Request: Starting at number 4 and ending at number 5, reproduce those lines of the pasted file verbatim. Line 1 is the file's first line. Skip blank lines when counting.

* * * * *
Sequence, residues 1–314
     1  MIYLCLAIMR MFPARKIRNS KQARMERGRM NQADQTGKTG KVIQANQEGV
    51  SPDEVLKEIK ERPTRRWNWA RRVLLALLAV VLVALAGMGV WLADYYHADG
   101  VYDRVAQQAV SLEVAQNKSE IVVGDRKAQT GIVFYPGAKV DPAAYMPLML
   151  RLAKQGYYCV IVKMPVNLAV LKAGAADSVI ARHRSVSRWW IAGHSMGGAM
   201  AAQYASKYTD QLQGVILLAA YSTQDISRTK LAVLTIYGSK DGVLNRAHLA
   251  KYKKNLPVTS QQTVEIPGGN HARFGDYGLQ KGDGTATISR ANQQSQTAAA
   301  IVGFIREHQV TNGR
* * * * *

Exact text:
   101  VYDRVAQQAV SLEVAQNKSE IVVGDRKAQT GIVFYPGAKV DPAAYMPLML
   151  RLAKQGYYCV IVKMPVNLAV LKAGAADSVI ARHRSVSRWW IAGHSMGGAM